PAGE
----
Carter: UConn's forgettable championship ends mostly forgettable season

acarter@newsobserver.comApril 8, 2014 

The college basketball season was barely over late on Monday night when at least one website – – posted what it deemed its “ridiculously early preseason top 25.” Other sites followed on Tuesday.

The look ahead to next season has already started. Search for 2014-15 preseason top 25 rankings, and you’ll find them. Search for way-too-early preseason All-Americans, and you’ll find them.

It’s amusing, though – the notion of looking too far ahead in college basketball. The final Associated Press Top 25 poll of the season, after all, offered no indication of what was to come in the NCAA tournament. A ranking of teams right before the start of the tournament would have indeed been a worthless endeavor, it turned out.

In that final poll, released days before the start of the NCAA tournament, Connecticut was ranked No. 18. Kentucky was unranked. And, if you’ve already forgotten, No. 18 Connecticut defeated unranked Kentucky on Monday night to win the national championship.

It was hardly a memorable final. The second half was particularly abysmal – a parade of missed layups and poor offensive execution that might have seemed appropriate in mid- or late-November, but instead looked out of place on the final Monday night of the season.

And so it ended, one last forgettable game amid a mostly forgettable season. This was supposed to be a season in which freshmen exerted their dominance. And yes, Kansas’ Andrew Wiggins and Duke’s Jabari Parker and Kentucky’s Julius Randle played well. But their presumed exit – Wiggins has already declared for the NBA draft – seems anticlimatic after their hyped arrivals.

The season’s best story – Wichita State going undefeated in the regular season – even feels empty now, after the Shockers exited the NCAA tournament on the first weekend. That loss – against Kentucky, of all teams, and its roster of one-and-dones – rightfully begs the question of how Wichita might have fared in a stronger conference.

Not that the ACC turned out to be all that strong. For the fourth consecutive year, the Final Four came and went without an ACC representative. The conference’s Final Four drought now equals the longest in league history, tying the stretch from 1958 through 1961 when no ACC team reached the national semifinals.

This year, at least, the ACC didn’t miss much by not being there on the season’s final weekend. Kentucky’s victory against Wisconsin in the national semifinals on Saturday night was memorable but few other things were about this Final Four – the spectacle of holding it in Jerry Jones’ massive football stadium notwithstanding.

The national championship game on Monday night was especially disappointing. Then again, sloppy, forgettable games featuring mostly forgettable teams have become the championship-game norm in this era of one-and-dones and nonstop parity.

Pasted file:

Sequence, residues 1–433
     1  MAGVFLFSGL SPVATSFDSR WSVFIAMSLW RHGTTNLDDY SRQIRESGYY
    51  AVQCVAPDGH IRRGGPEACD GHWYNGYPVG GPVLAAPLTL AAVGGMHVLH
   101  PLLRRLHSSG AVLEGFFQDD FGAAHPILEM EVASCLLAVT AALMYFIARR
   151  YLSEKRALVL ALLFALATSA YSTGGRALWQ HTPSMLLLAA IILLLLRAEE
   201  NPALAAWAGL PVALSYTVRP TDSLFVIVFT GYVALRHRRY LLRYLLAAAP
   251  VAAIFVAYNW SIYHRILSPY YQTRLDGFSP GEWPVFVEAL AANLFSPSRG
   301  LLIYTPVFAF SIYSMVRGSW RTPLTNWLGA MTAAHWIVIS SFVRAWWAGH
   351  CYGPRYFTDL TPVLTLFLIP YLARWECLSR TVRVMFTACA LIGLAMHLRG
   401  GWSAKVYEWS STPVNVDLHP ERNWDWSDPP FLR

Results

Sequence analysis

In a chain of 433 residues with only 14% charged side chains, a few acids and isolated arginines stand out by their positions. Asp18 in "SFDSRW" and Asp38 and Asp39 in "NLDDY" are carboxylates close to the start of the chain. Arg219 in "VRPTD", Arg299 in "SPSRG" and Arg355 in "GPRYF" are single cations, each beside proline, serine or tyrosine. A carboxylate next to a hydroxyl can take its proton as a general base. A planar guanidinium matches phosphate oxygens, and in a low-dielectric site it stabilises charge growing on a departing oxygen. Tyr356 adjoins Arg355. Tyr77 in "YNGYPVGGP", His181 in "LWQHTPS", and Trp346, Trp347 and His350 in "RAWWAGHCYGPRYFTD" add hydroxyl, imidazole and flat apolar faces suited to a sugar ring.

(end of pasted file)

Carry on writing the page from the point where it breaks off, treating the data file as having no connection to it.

Sure, there are still great players. Connecticut’s Shabazz Napier. Kentucky’s Randle and Aaron Harrison. And sure, there are still dramatic moments. In some ways, it’s the same. The confetti still falls from the rafters and “One Shining Moment” still plays on and they still cut down the nets and call the winning team the national champion.

The whole thing, though, just feels a bit hollow. And cheap.

Connecticut won the NCAA tournament but does anybody really believe the Huskies are the best team in the country? This is a team that lost by 33 points nearly a month ago at Louisville, and a team that lost against Houston and Southern Methodist – twice.

Kentucky ended the season as the national runner-up but does anybody really believe the Wildcats were one of the best teams in the country? This is a team that stumbled throughout the regular season – one that began the hallowed month of March with a debacle of a loss at South Carolina, which finished 140th in the RPI.

That, though, is a growing part of the problem in college basketball. Great teams are becoming increasingly rare. North Carolina won a national championship in 2009 with standout upperclassmen – including player of the year Tyler Hansbrough, a senior – and five years later that kind of roster construction seems completely unrealistic in this era.

Surprise champions, like Connecticut, are nothing new in college basketball. The triumph of the underdog – N.C. State in 1983, Villanova in ’85, to name two – helped turn the NCAA tournament into what it became.

You can go back in time and find several teams like Connecticut – teams that seemingly came out of nowhere to win it all. Used to be, though, that those teams at least had to beat great teams. Villanova in ’85 beat Georgetown and Patrick Ewing, who’s remembered as one of the best players of his generation.

N.C. State in 1983 beat Virginia and Ralph Sampson to make the Final Four, and then in the championship game defeated a Houston team with two future Hall of Famers – Hakeem Olajuwon and Clyde Drexler.

And who, exactly, did Connecticut beat? A Kentucky team with five freshmen starters who for the vast majority of the season seemed to have all the chemistry of oil and water?

The Huskies defeated Florida, the No. 1 overall seed, in the national semifinals. As good as the Gators were, though, they’ll hardly be remembered nationally as some behemoth of a team that fell just short. No, they’ll fade away, too – just like the rest of this season.

And that’s also the problem with the NCAA tournament these days. The parity and unpredictability that once made it great – and still does, in some respects – has cheapened the experience, made it easily disposable.

Carter: 919-829-8944; Twitter: @_andrewcarter

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